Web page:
As Suffocation's eighth full-length, “. . . Of the Dark Light” is from an era somewhat removed from the seminal '90s albums. The album cover is merely a person being atomized in open space rather than a monstrous machine consuming a victim. The monsters have all but disappeared from the band's contorted universe. Changing form to become either metaphysical torments in a balanced domain where they could be deserved punishments or appearing as inhabitants of an unforgiving universe where such pain is predetermined. The desolation of the 2006 self-titled cover shows a world ravaged by scampering critters similar to the blood-soaked beast central to “Human Waste”. The skeletons adorn lifeless sands ushering in what looks to be the end of a human era of Suffocation, however without any prey to hack with their saw-bladed hands, the progeny of the 1991 creature has also run its course. “Blood Oath”, with demonic dementors excising their own hands in a mephistophelian offering, represents a movement to a metaphysical realm that places more emphasis on the implications of an earthly action's remittance through suffering, something that was well-concluded in the lyrics of many early songs but never truly explored until this later period.

Like the album covers, Suffocation has lyrically worked through this evolution to bring back the “Reincremation” recriminations of established dogmas and extol the cataclysmic death knell of societies and species. Through “Pierced from Within”, the lyrics sought to discover just which one was the final straw that broke a character's mind. Whether it involved an apostate turning his back on a religious concept imbued into his mentality from his first moments of sentience, or was the result of a botched experiment that left a person in a state of persistent catatonia, or if it was the last indignity one could endure before shedding his yoke of societal hangups and indulging his most basic desire, murder, there has been a common theme of the 'why' for 'what' horror one inflicts or receives and describes 'how' that time has come to pass. Songs like “Thrones of Blood” and “Bind, Torture, Kill” explore the mentalities of its protagonists as they strip themselves or others of one life and await the menacing horrors promised in the next. Through the early albums Suffocation's lyrics deprived many mentalities and traditions of their potency in order to uplift the influence of the individual, standing firm against his own perceived oppressors. Yet the individual's impropriety was tragically denied any chance at the godhood he sought when songs like “Depths of Depravity” and “Synthetically Revived” came to their twisted conclusions.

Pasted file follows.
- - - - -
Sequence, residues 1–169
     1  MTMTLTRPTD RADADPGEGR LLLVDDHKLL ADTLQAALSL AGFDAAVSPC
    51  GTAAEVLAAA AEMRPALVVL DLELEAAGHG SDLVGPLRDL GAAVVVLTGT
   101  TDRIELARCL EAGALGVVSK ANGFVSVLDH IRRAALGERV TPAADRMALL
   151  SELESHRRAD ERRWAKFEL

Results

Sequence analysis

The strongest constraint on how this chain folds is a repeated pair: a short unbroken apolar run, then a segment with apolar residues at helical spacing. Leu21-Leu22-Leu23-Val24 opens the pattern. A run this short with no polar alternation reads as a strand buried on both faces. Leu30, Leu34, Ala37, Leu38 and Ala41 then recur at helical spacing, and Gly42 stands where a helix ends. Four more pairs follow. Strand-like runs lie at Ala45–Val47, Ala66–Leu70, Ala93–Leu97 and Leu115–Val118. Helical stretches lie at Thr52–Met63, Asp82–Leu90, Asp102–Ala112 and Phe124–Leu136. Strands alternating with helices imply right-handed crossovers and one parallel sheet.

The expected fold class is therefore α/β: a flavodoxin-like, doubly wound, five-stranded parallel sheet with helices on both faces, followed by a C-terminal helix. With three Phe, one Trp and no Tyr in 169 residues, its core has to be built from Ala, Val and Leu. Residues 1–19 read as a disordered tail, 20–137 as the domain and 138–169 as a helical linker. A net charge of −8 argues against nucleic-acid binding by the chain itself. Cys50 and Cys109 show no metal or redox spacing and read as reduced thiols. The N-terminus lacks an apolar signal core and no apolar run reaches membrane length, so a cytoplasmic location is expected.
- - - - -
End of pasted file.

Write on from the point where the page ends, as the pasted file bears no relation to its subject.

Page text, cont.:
As some delusions of grandeur failed, still others would gain traction in title tracks like “Pierced from Within” and “Souls to Deny” where expository pieces described the distance between two worlds: an Earth infected with indoctrination and a Hell populated by protagonists. Since these situations have come to a head in the self-titled album, Suffocation has taken a new and more metaphysical direction. The personal stories are nowhere near as relatable, instead these two separate worlds have combined through “Blood Oath” and “Pinnacle of “Bedlam” to describe mayhem on the surface without exploring as much of the mentality causing it. Instead the implication is that the mentality is an inherent aspect of the society from which the mayhem flows. With this change it could be said that Suffocation has lost some of its lyrical edge, or simply forgotten the twist of the mind necessary to drive home the cerebral intimacies that can enhance the intensity of this very violent music.

This rigid and more matter-of-fact approach follows “Return to the Abyss” as a logical stomp into the nightmarish other-world that has overtaken this misshapen universe. While characters end up “Caught Between Two Worlds”, the fact of the matter is that Suffocation has been more than around the bend through nearly thirty years of existence and seems to be tiring of explaining how to go 'there and back again' across these ridiculous lyrical realms. “Your Last Breaths” shows little hope for ameliorating the lyrical woe while “The Violation” fuels its world with the energy released from an unalterable slaughterous realm. Condemned to a predetermined fate, no amount of frustration with the circumstance or attempt to follow the 'forked tongue' promising free thought and a chance at diverging from destiny will keep one from maintaining the path to ruin set before this new model narrator. This stability drives madness in a way that only four nondescript padded walls can, breeding resentment for one's lack of agency in a universe filled with protagonists doomed by its own design.